From the statements recently made in the House of Commons during the debate on the navy estimates, when the Parliamentary Secretary stated that the Nile and Trafalgar would probably be the last heavily armored ships of their class, it would appear that the long contest between guns and armor has resulted in a victory for the aggressive force. To what extent this is due to the weapons themselves, and how far to the powder and projectiles used, it would be hard to determine, but certainly the explosive deserves a large share of the glory of the victory. The advances made within the last two or three years in the manufacture of gunpowder for heavy ordnance have been very great, and these advances have been due in a great measure to the development of more perfect mechanical devices for the necessary processes. The hydraulic plant for makingpe prisms necessitates a considerable outlay, which private manufacturers in England were reluctant to incur, until the form of powder likely to be required was definitely settled by the Government authorities. In the mean time the' resources of the Royal Gunpowder Factory at Waltham Abbey were insufficient to meet the demands of the War Department for prismatic “ cocoa “ powder, and private manufacturers in England not having the necessary appliances for its manufacture, large contracts were entered into with German manufacturers. In the mean time, one of our leading firms engaged in gunpowder manufacture had been experimenting with a new form ()f prismatic powder, and having brought their researches to a. satisfactory conclusion, decided to erect a thoroughly efficient plant of the most approved description, in order to manufacture what,is now officially, known as “ Brown X prismatic gunpowder." The result is the hydraulic press which we illustrate, and which Messrs Taylor&Chal-len have recently completed, to the order of Messrs. Curtis&Harvey. This eminen t firm of gunpowder manufacturers have works at Hounslow, Bedfont, and Tunbridge! and also in Scotland. and in South Wales. It was at the Tun-bridge works that the new plant was erected, and it was there that we had an opportunity lately of seeing it iri operation. The accumulator is weighted with cast iron segments, which may readily be put on or removed should the pressure require to be varied. When fully weighted, the pressure is 1,050 lb. per square inch. Three men are required to work each machine, one to manipulate the valves and two to attend to the charger and remove the prisms of powder as they are produced. The operations are as follows : The various conical hoppers, A” which are contained in the carriage of the charger shown on the left of the engraving, are filled with loose grain powder. The charger is then run forward into the press and locked there. By the movement of two levers, which are shown in position in our engraving, the powder is made to fall from the hoppers into the charging tubes, B, 64 in number. These are Bet to hold the required quantity of powder, and great care has to be taken to fill them completely, as exact uniformity is one of the most necessary conditions of getting a powder that will pass the very severe tests now demanded by the government' authorities. By the movement of a lever the charging tubes are carried over 64 corresponding phosphor-bronze bushes in the bush block, C. The charges of powder then fall i n to t h e s e bushes, and the charger is with-d r awn from the press. • The operator at the valves then PRESS FOR THE MANUFACTURE ' OF PRISMATIC GUNPOWDER. © 1886 SCIENTIFIC AMERICAN, INC 94899999999 June 26, 1886. 407 allows water at pressure to flow in above the top ram, which forces down the plunger block. Attached to this are 64 phosphor-bronze hexagonal plungers; these enter the bushes, which they fit with great accuracy. At the same time that the top ram is brought down the bottom ram are caused to ascend. To the latter is attached the plunger block, E, to which are attached 64 hexagonal plungers, that also correspond to and accurately fit the bushes in the bush block. In this way the charges of powder contained” in the bushes are pressed between the plungers. Under ordinary conditions of atmosphere, the pressure is kept on for about ten to twenty seconds, the time varying with the different descriptions of powder. The top plungers are then lifted, and the lower plungers are raised to eject the prisms from the bushes. The prisms are pushed off, clear of the press, on to a woode»-4ray, to be .. removed by ' an attendant. The bottom ram is lowered again into its'"n first position, and the charger is run into the press again ready for the next operation. In this way each machine will make ' 64 pUfems every . two minutes. It • i s necessary, however, that each prism should have a hole through its center in a line with its axis. These holes are formed in the following manner : The bottom plungers have holes bored through, which are of the same diameter as the holes required in the prisms. This allows a number of phosphor-bronze rods, one to each prism, to pass through the plungers and then through the powder in each bush. .These rods stand nearly level with the top of the bush block, and are firmly held by the plate, H, so that the prisms are pressed with these rods in the middle. When the prisms are ejected from the bushes, they are stripped from the rods. It is indispensable that all the prisms produced should be of exactly one size, and should contain precisely similar quantities of powder. Their uniformity is tested by means of immersing them in a bath of mercury, the' readings being taken off on a very accurately marked scale. In working the machines, a -separate valve is used for each operation, and an ingenious automatic arrangement has been devised to prevent the attendant turning a wrong valve, so as to bring down the top ram when the charger is in the machine. There is also a safety liangement to ' prevent damage to the machine should a pipe burst. We have referred to the necessity that exists for producing a II the prisms of a definite and uniform size and specific gravity, in other words, that there should be exactly the same amount of gunpowder, compressed to the same degree, in each specimen. It is this point that has - principally engrossed the attention 0 f the makers of the apparatus, and the result is a beautifully accu rate piece of mechanism. It has only been by the greatest care in finishing to gauge adjustment of parts that the success- undoubtedly achieved by this machinery has been attained. The tests of powder, such as- this, now required by the. War Office are of the most severe description, as- may be gathered from the following details, which represent some of the principal points in the official specification of tests. Size of Pmms.—The prisms to be of the following dimensions : height, 34*8 ± 0'2 millimeter ; diameter (over sides) 34'7 millimeters ± 0*2 millimeter. The hole to be 10 millimeters in diameter. The prisms to be gauged as follows: 219 prisms should fit easily in a metal frame-705 millimeters long, 352 millimeters wide, and 25'3 millimeters high, and should offer no resistance to a straight edge drawn over the top of the frame. Density.—The absolute density of the finished powder must not be less than 1*80. Moisture.— The finished powdet: must not contain more than 2'2 per cent nor less than 1*7 per cent. Velocity.—K charge of 295 lb. of powder in the 12 in. beeech-loading gun (of a gravimetric density of shall give a mean muzzle velocity for the five rounds of not less than 1,900 ft. per second nor more than 1,940 ft. per second, to a proof cylinder having a 'total weight of 714 lb. The mean of the deviations of the muzzle velocities of the several rounds, from the mean velocity of the five rounds, shall not exceed 10 ft.Pressure.—The mean pressure indicated on firing, as above, by the compression of copper cylinders, adjusted in crusher gauges, is not to be greater in any one round than 16 £ tons on the square inch, and the mean of all the pressures shall not exceed 16 tons. These very stringent tests are perhaps the best com ment we could have on the great strides - the' art of making explosives has made within the last few years. It is not so very long since—well, within the memory- of living powder makers—that gunpowder was gunpowder, without any very striking difference for whatever purpose it might be required.' The “ velocity” tests show a wonderful departure from those simple times ; and although the restrictions laid down in this respect may seem unnecessarily severe, and even arbitrary at first glance, on further inquiry we believe there will be found to be sound reason at the bottom of them, and it is only by their strict observance that the accurate practice necessary in modern warfare can be insured. We are glad to learn, therefore, that Messrs. Curtis&Harvey, as English makers, have in the a powder that has passed the government examination, and fulfilled thetests enumerated to the fullest extent, and that British guns can in future be fired with British powder.-Engineering. REFERRING- to baseball, which seems to rage like an epidemic this season, has induced the ./luggestion that the average man in a large city ,must have an easy time, plenty of means, and limited hours of employment, when S,OOO can devote three ,afternoons each week to watching eighteen full-grown 'men toss a baU around a field.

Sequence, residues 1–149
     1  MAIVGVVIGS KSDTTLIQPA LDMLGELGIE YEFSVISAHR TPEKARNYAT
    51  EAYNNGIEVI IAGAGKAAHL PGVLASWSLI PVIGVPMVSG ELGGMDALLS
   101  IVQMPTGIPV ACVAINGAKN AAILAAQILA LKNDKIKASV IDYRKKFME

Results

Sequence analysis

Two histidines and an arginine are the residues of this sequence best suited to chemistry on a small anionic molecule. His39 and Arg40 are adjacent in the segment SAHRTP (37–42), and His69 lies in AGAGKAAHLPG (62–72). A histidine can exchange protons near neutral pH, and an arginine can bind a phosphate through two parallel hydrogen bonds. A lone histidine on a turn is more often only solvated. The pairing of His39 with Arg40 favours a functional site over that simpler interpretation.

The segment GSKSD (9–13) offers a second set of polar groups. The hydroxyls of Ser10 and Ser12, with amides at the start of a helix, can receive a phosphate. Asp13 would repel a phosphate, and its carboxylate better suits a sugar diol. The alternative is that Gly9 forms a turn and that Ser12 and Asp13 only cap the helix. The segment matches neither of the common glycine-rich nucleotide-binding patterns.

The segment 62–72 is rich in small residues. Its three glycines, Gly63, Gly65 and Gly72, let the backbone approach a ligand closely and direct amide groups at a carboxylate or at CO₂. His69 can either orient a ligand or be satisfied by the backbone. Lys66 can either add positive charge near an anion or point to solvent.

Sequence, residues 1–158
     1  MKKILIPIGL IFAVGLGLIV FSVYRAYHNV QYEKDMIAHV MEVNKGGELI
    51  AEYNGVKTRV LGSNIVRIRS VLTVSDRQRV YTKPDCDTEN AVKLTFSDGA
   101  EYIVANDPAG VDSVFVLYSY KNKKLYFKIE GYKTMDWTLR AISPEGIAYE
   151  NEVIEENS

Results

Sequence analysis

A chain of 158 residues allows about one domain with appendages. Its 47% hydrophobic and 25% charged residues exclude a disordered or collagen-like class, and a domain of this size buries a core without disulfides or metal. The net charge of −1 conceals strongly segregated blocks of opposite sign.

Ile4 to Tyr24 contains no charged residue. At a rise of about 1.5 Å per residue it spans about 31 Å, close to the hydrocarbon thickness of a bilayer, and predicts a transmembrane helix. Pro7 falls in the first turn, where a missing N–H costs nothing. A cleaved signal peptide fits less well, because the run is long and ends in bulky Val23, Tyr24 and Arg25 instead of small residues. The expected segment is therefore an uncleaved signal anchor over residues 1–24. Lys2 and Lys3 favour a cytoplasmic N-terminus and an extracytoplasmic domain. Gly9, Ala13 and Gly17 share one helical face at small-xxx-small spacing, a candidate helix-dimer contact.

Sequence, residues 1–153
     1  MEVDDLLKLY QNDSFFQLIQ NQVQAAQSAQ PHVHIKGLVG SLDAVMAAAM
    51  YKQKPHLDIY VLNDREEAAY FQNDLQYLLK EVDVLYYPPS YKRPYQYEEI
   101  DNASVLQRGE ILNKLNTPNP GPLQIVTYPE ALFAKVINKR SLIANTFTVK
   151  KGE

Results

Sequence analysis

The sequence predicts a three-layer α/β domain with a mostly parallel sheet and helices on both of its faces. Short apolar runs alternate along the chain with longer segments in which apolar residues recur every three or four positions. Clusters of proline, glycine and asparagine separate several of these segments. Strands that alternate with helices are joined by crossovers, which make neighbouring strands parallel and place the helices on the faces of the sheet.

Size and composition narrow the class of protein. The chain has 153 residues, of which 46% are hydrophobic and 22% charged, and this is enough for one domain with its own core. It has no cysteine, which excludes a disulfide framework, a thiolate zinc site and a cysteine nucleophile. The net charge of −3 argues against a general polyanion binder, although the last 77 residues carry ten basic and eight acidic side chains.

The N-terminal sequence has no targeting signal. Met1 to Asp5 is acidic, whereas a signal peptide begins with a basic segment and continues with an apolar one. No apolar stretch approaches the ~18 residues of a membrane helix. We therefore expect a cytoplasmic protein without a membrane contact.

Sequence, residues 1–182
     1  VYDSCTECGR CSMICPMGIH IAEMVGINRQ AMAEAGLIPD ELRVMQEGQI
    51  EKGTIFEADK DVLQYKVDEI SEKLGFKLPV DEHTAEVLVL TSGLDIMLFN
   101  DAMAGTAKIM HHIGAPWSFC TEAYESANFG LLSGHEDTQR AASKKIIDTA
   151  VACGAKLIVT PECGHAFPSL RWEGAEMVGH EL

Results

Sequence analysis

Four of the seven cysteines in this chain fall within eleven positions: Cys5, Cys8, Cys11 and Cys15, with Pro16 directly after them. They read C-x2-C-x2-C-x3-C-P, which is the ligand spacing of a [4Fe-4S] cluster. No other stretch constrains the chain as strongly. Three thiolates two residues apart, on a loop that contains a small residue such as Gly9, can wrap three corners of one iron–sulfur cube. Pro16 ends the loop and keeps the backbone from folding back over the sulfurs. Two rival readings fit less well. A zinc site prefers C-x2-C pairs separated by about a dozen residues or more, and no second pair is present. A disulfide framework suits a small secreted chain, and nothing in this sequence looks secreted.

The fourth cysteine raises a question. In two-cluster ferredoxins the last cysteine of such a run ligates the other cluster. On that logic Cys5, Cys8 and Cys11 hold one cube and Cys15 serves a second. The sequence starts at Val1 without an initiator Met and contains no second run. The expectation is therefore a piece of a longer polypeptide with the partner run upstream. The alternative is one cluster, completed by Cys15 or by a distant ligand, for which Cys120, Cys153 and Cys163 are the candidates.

This article was originally published with the title "Prismatic Gunpowder" in Scientific American 54, 26, 406-407 (June 1886)